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A Balanced Approach to Copyright? · Saturday February 16, 2008 by Crosbie Fitch

The industry’s continuing attempts to control the public’s reproduction and use of published works in the digital age is something that will be laughed at by future generations – especially the idea that such inherently impossible control would be miraculously become possible if only it was ‘balanced’.

The logical fallacy of an appeal to moderation is just as silly when applied to another matter concerning human liberty: “Well, if only we took a more balanced approach to slavery, were a little kinder and made enslavement a little less harsh, perhaps the slaves wouldn’t keep running away or demanding their freedom?”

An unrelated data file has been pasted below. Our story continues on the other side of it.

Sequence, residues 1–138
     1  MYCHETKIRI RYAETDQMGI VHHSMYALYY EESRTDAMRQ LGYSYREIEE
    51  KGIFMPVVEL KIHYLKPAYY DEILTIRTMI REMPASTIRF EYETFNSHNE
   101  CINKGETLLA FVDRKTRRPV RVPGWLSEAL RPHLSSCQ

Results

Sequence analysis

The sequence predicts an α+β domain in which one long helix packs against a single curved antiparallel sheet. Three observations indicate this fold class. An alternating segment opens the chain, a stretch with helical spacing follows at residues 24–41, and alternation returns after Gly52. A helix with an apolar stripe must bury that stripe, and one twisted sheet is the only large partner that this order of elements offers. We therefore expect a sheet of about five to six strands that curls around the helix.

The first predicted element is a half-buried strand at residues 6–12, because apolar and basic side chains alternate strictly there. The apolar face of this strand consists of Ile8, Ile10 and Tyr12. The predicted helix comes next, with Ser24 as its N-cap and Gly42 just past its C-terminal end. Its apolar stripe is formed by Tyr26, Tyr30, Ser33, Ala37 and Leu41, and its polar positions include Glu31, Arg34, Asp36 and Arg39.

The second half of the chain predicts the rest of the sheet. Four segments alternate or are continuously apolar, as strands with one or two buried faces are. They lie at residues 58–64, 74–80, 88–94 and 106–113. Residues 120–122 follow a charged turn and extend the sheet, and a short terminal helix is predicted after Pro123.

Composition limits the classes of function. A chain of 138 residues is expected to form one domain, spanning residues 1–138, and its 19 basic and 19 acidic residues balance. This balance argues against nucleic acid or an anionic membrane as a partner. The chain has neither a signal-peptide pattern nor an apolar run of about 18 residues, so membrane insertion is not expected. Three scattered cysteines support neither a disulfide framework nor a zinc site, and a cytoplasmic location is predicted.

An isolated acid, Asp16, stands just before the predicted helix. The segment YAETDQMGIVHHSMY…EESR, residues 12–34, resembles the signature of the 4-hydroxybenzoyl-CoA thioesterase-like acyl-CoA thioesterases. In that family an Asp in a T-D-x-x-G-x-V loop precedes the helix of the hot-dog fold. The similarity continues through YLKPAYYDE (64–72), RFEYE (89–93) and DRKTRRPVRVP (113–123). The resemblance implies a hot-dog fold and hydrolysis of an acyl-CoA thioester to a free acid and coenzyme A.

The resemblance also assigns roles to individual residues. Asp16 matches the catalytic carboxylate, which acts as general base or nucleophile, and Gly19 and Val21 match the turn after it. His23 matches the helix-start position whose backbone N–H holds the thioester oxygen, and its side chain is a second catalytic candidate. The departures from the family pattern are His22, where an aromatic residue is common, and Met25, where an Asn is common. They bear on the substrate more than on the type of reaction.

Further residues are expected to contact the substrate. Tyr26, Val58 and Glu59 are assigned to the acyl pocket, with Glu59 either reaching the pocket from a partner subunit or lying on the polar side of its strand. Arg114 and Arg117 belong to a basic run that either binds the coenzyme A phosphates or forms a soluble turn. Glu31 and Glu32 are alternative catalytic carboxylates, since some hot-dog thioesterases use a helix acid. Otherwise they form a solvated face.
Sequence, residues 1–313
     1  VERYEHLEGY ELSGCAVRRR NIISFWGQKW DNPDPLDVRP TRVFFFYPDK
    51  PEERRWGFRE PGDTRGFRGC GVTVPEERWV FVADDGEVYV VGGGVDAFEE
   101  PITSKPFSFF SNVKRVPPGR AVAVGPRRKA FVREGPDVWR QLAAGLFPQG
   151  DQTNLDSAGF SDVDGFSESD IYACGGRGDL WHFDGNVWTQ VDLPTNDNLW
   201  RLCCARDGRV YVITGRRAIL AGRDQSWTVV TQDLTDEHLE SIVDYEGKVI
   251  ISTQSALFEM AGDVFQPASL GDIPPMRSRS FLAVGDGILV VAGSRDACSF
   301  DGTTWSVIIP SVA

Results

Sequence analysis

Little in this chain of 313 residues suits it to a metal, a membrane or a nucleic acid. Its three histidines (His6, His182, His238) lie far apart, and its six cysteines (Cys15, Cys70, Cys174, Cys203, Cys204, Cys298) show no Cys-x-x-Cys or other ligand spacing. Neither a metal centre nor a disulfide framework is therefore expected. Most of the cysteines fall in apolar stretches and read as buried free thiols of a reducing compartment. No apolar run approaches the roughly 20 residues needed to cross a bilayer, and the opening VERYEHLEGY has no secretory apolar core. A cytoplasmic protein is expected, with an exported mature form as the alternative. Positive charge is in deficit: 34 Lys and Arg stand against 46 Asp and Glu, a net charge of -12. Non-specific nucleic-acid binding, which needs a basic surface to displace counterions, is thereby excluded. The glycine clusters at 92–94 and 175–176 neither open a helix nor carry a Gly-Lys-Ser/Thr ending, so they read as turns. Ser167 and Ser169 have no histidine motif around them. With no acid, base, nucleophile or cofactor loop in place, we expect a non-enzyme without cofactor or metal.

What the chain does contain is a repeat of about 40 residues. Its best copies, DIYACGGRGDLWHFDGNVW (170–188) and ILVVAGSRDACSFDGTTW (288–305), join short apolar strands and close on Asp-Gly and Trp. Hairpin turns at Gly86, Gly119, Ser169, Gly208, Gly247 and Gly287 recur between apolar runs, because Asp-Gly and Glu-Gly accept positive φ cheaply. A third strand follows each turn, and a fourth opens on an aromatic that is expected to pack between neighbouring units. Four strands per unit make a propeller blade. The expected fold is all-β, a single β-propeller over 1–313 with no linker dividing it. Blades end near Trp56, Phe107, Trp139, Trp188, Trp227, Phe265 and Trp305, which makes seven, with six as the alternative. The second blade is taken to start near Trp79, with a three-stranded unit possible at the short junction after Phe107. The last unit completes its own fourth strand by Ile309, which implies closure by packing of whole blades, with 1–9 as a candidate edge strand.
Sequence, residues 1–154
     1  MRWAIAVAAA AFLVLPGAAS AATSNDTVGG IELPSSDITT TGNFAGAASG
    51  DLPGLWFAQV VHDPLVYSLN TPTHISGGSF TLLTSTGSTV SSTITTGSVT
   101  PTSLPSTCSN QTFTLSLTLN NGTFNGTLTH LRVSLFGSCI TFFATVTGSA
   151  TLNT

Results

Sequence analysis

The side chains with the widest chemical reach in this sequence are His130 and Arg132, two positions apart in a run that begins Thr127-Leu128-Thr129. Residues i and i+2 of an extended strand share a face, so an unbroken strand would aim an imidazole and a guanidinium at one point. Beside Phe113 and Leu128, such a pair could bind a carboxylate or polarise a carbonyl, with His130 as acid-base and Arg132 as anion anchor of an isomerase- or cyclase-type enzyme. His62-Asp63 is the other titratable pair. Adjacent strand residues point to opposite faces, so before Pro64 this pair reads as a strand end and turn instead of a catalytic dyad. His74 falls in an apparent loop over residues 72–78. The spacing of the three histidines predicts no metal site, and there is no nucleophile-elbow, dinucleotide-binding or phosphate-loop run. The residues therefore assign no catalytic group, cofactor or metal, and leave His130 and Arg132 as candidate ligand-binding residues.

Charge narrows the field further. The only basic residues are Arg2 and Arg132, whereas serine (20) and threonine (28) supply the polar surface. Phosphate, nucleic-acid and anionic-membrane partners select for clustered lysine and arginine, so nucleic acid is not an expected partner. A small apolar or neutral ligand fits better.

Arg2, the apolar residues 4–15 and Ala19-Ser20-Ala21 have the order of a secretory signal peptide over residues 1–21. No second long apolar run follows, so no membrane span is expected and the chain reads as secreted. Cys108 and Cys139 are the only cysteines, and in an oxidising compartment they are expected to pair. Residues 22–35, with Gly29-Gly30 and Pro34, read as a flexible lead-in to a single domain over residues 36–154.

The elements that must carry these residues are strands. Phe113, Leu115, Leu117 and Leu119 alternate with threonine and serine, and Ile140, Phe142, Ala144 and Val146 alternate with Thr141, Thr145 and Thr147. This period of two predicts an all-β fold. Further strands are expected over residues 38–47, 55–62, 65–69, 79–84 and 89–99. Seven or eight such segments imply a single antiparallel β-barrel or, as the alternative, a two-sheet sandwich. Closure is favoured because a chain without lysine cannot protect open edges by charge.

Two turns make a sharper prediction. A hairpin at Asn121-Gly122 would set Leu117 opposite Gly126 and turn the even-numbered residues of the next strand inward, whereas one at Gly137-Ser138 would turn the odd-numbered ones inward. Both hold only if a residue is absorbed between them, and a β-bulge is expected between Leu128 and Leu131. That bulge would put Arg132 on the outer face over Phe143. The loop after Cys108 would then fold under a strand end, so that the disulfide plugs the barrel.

Just as we’ve now come to terms with the idea that a man of one colour has no intrinsic claim to suspend the liberty of a man of another colour (or even the same colour), so perhaps we should now come to terms with the idea that an artist has no instrinsic claim to suspend the liberty of any other artist (or any other member of their audience).

When you publish your art, you have no natural right to control what any other artist does with it.



 

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